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She kept an album, too, at home,

Well fillid with all an album's glories; Paintings of butterflies and Rome,

Patterns for trimming, Persian stories; Soft songs to Julia's cockatoo,

Fierce odes to famine and to slaughter; And autographs of Prince Laboo,

And recipes of elder water.

And she was flatter'd, worshipp'd, bored,

Her steps were watch'd, her dress was noted, Her poodle dog was quite adored,

Her sayings were extremely quoted.
She laugh’d, and every heart was glad,

As if the taxes were abolish'd;
She frown'd, and every look was sad,

As if the opera were demolish’d.
She smild on many just for fun –

I knew that there was nothing in it; I was the first, the only one

Her heart had thought of for a minute ; I knew it, for she told me so,

In phrase which was divinely moulded; She wrote a charming hand, and oh!

How sweetly all her notes were folded !

Our love was like most other loves

A little glow, a little shiver; A rosebud and a pair of gloves,

And “Fly Not Yet," upon the river; Some jealousy of some one's heir,

Some hopes of dying broken-hearted, A miniature, a lock of hair,

The usual vows — and then we parted.

We parted — months and years rollid by;

We met again four summers after; Our parting was all sob and sigh —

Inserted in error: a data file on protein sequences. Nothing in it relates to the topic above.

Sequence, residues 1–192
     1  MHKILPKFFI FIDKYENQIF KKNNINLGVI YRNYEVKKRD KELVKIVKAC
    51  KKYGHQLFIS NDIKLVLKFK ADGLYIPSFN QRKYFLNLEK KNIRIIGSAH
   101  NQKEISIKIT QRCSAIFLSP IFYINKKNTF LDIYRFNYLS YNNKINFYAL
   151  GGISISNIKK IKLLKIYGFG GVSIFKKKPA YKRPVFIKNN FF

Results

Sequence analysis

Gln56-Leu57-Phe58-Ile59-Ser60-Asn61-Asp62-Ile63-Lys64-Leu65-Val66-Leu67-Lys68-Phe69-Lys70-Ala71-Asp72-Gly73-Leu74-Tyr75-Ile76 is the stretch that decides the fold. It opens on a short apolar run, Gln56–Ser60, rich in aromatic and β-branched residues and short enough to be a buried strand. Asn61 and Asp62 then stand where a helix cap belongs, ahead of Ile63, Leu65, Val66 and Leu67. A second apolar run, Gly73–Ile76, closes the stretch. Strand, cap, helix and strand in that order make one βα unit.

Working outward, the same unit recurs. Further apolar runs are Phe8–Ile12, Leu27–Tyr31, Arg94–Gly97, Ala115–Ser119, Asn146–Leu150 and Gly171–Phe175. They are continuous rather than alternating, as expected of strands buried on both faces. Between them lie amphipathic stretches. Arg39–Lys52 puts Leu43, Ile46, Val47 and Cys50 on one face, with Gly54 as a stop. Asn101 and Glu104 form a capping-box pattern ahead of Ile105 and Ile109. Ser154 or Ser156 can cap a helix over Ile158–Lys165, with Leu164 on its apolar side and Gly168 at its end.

Our meeting was all mirth and laughter ; For in my heart's most secret cell,

There had been many other lodgers; And she was not the ball-room belle,

But only Mrs. – Something — Rogers.

I HEARD a sick man's dying sigh,

And an infant's idle laughter,
The Old Year went with mourning by -

The New came dancing after !
Let Sorrow shed her lonely tear,

Let Revelry hold her ladle ;
Bring boughs of cypress for the bier,

Fling roses on the cradle;
Mutes to wait on the funeral state;

Pages to pour the wine;
A requiem for Twenty-Eight,

And a health to Twenty-Nine !

Alas for human happiness!

Alas for human sorrow ! Our yesterday is nothingness,

What else will be our morrow ?
Still Beauty must be stealing hearts,

And Knavery stealing purses;
Still cooks must live by making tarts,

And wits by making verses ;
While sages prate and courts debate,

The same stars set and shine; And the world as it rolled through Twenty-Eight,

Must roll through Twenty-Nine.

Some King will come, in Heaven's good time,

To the tomb his father came to; Some Thief will wade through blood and crime

To a crown he has no claim to;
Some suffering land will rend in twain

The manacles that bound her;
And gather the links of the broken chain

To fasten them proudly round her;
The grand and great will love and hate,

And combat and combine ;
And much where we were in Twenty-Eight,

We shall be in Twenty-Nine.

O'Connell will toil to raise the Rent,

And Kenyon to sink the Nation; And Shiel will abuse the Parliament,

And Peel the Association;

And thought of bayonets and swords

Will make ex-Chancellors merry; And jokes will be cut in the House of Lords,

And throats in the County of Kerry;
And writers of weight will speculate

On the Cabinet's design;
And just what it did in Twenty-Eight

It will do in Twenty-Nine.
And the Goddess of Love will keep her smiles,

And the God of Cups his orgies; And there'll be riots in St. Giles,

And weddings in St. George's; And mendicants will sup like Kings,

And Lords will swear like lackeys; And black eyes oft will lead to rings,

And rings will lead to black eyes;
And pretty Kate will scold her mate,

In a dialect all divine;
Alas! they married in Twenty-Eight,

They will part in Twenty-Nine.
My uncle will swathe his gouty limbs,